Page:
For example, anti-referendum activists and others gathered outside the Catalan Public Radio Station on September 27 chanting against pro-referendum editorial lines and carrying threatening signs against prominent news anchor Mònica Terribas, whom they regard as one of the key culprits. At pro-referendum events, meanwhile, activists have carried signs saying that the generally unionist Spanish media does not represent them.
The activities of the Spanish authorities have taken things to a whole different level, however. Earlier in September, Spanish police visited or wrote to a number of Catalan news organisations which had aired the official referendum campaign advertisement to give them a letter from the Catalan Superior Court of Justice. The letter, which also went to all Catalan public institutions, did not forbid the adverts or declare them illegal, or even say explicitly that it was illegal to inform people about the referendum.
Instead, it warned of possible criminal consequences from helping to bring the referendum about, without specifying what types of actions could fall into that category. The problem with such loose warnings has been the censorship that has come about: the daily newspaper Ara decided not to publish any more campaign adverts, for example.
The Network of Local Television (La Xarxa de Comunicació Local) told its journalists not to ask politicians questions about the referendum until the day after it had taken place. Acting on similar fears, Spanish public mail company Correos stopped distributing the news magazine Omnium Cultural to its subscribers because it contained pro-referendum advertising.
Of the 144 websites that have been blocked, most belong to cultural and political associations campaigning for an independence vote. Fourteen individuals have been called before a judge for copying the codes of some of the sites in question.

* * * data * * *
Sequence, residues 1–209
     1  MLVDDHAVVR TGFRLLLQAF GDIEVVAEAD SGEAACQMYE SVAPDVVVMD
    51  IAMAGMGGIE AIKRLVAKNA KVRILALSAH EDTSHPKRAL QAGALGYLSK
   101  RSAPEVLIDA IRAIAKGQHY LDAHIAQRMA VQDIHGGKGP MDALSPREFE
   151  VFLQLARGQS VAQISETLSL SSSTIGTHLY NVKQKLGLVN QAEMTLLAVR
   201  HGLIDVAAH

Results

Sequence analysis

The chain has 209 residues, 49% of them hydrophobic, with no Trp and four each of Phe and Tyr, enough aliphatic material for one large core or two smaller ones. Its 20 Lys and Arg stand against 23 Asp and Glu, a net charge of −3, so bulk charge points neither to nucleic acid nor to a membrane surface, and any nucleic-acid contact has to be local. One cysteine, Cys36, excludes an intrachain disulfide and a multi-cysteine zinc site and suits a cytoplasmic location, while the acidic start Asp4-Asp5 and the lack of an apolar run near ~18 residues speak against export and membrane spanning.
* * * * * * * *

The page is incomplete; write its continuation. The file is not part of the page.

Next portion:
The Spanish military police association, the Guardia Civil, meanwhile, is suing Mònica Terribas. It accuses the news anchor of endangering police operations by asking listeners to report on anti-referendum raids by the forces. In all, media observer media.cat has reported than 64 situations where freedom of expression has been affected or disrupted in relation to the referendum.
Faced with such accusations, the Spanish government has said it does not want to restrict freedom of expression in Catalonia. Its actions, it says, are aimed at guaranteeing the order against a referendum which was laid down by the Spanish constitutional court a few weeks ago.
But even before the outbreak of referendum day violence, Spain already found itself in territory for which it is hard to find comparisons in the West. Article 10 of the European Convention on Human Rights, to which Spain is, of course, a signatory, lays down the principle of freedom of expression quite clearly. It talks about the right of people to “receive and impart information and ideas without interference by public authority and regardless of frontiers”.
Yet little or nothing has been said by the international community in this regard. The situation is troubling to say the least. If there are no consequences, particularly in light of the latest developments on the ground, it will set a dangerous precedent.